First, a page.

Allium Harvest

Our early January planting of white ‘Sturon’ and red ‘Retano’ onion sets was ready to be lifted this week.  In the adjacent bed, our garlic was starting to show symptoms of a severe rust infection but the onions were blemish free and ready to go into store.
With nice dry weather, the plants were easily lifted with a hand fork and most of the soil dropped off with a quick shake.  We lined them up on the greenhouse benches allowing the foliage to dry out.  They need to be given plenty of space.  If packed in too densely they sweat which encourages rot and mould.  Two small beds of onions keep us going for most of the year and the garlic, at least those that weren’t too affected by the rust, should see us well into winter.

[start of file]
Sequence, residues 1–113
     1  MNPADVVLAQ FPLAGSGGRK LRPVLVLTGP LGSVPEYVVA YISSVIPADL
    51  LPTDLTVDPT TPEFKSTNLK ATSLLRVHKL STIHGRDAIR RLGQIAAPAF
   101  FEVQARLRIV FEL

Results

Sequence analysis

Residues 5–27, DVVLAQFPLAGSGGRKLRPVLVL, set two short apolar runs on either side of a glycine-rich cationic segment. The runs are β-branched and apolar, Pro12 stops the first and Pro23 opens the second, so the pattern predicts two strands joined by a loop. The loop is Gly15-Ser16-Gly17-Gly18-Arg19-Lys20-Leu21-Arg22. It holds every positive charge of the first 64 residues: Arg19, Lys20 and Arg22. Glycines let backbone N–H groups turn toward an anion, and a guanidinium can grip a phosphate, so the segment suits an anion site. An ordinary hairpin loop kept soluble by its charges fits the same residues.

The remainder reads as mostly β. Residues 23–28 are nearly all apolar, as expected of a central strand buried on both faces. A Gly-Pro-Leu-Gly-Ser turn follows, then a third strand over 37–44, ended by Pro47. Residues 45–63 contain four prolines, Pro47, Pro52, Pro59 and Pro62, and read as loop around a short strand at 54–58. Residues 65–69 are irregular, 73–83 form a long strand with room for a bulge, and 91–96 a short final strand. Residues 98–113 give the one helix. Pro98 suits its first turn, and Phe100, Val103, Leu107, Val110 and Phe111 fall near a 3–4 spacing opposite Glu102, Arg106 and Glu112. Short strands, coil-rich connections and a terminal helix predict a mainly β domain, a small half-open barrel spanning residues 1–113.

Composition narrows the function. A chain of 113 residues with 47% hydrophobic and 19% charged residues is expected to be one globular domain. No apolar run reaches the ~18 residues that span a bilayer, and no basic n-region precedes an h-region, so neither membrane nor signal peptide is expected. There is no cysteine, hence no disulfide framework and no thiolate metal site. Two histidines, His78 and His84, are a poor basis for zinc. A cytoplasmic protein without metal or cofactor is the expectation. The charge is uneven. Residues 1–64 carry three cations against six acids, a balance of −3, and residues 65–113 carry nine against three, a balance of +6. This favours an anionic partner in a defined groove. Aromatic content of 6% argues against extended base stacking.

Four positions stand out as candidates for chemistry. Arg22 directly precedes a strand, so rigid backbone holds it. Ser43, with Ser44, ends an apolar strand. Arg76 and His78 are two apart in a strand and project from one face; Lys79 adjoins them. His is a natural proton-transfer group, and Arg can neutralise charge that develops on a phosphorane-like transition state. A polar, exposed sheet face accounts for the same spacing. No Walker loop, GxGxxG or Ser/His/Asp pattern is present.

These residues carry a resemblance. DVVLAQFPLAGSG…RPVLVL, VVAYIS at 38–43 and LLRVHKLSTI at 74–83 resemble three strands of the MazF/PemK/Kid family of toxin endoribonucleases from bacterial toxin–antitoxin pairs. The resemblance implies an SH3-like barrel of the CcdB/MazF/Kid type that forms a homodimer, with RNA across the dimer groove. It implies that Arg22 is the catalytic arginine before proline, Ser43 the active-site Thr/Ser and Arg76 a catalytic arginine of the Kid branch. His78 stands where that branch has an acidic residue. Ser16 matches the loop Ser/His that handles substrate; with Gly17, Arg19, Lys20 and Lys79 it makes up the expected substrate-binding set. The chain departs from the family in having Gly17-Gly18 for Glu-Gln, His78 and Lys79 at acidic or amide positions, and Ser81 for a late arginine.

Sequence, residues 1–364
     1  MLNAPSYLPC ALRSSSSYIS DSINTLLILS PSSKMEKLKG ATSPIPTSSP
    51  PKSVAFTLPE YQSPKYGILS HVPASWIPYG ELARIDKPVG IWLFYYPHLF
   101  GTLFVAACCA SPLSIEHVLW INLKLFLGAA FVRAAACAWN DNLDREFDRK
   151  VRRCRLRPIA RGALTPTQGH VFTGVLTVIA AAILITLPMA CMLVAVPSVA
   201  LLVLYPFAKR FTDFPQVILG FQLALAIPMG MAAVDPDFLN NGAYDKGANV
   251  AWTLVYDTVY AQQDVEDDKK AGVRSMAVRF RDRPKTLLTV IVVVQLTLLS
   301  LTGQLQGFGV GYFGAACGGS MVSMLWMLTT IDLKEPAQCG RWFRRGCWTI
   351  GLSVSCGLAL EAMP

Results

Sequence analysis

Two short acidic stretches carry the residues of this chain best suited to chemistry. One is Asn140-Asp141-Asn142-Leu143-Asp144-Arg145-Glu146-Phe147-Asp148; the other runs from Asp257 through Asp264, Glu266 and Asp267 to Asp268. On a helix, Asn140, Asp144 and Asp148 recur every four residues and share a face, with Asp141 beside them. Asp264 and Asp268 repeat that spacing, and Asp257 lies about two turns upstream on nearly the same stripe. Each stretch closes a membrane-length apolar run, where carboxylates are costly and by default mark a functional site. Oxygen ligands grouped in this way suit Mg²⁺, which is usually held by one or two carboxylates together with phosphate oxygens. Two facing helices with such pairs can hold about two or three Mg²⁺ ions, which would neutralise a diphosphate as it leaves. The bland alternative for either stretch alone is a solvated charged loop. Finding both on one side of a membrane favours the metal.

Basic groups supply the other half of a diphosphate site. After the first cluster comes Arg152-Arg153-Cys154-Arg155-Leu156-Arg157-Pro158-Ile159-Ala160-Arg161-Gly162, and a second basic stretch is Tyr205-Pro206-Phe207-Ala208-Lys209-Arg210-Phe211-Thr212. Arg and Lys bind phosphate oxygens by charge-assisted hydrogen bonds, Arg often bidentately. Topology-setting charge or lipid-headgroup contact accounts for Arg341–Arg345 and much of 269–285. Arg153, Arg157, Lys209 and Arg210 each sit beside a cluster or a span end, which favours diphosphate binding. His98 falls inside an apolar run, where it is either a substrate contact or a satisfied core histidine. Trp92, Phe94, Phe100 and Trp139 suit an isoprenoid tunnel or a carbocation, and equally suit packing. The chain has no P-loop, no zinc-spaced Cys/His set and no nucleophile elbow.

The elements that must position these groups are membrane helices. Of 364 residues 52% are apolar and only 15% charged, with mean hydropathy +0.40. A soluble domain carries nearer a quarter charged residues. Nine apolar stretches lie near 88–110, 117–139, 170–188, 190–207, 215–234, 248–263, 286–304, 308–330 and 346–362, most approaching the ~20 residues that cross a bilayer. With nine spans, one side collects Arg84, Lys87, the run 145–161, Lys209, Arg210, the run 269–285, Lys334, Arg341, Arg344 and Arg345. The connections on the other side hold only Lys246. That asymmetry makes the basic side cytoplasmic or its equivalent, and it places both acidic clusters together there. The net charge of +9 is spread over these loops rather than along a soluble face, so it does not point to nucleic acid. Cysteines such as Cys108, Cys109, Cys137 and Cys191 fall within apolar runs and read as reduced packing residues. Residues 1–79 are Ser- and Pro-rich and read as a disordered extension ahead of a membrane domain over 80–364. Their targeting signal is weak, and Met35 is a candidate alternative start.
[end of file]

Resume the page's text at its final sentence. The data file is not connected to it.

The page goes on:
The allium family as a whole are popular garden plants.  Chives with their decorative purple flowers at about 30cm high often make it into flower borders especially as edging plants.  The bigger more decorative members of the family are great border stalwarts that thrive in a range of soils and come up every May to display their pompom-like flower heads above everything else in the border.

A search through the RHS Plant Finder shows over four pages from which to choose.  ‘Purple Sensation’ has been one of the most popular for decades while A.cristophii with its star shaped flowers on large heads has always been a show stopper, as has A.schubertii with its head of exploding stars.  Globemaster, Gladiator, and the white Mount Everest are other favourites to look out for.

A slight word of warning.  The heads have the potential to contain hundreds of seeds.  If left to fall on the ground the resulting ‘rash’ of seedlings can prove to be quite a chore to remove.  We found out the hard way.